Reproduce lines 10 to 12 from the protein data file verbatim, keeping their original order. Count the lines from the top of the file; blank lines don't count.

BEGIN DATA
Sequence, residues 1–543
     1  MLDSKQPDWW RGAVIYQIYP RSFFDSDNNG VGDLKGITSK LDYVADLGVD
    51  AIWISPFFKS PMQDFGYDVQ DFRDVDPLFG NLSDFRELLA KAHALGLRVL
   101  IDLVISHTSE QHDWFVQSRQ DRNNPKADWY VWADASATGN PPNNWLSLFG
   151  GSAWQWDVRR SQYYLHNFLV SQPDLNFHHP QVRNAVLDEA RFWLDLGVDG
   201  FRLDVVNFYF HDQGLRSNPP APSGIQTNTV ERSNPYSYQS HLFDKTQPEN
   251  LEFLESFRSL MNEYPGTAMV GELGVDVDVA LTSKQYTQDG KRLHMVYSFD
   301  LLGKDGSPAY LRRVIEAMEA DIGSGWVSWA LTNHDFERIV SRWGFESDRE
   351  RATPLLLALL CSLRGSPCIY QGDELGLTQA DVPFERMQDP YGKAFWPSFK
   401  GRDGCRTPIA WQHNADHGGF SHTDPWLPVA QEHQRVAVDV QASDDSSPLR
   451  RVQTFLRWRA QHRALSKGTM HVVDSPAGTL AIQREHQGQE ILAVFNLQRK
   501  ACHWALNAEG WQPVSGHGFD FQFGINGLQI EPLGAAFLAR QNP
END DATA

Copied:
   401  GRDGCRTPIA WQHNADHGGF SHTDPWLPVA QEHQRVAVDV QASDDSSPLR
   451  RVQTFLRWRA QHRALSKGTM HVVDSPAGTL AIQREHQGQE ILAVFNLQRK
   501  ACHWALNAEG WQPVSGHGFD FQFGINGLQI EPLGAAFLAR QNP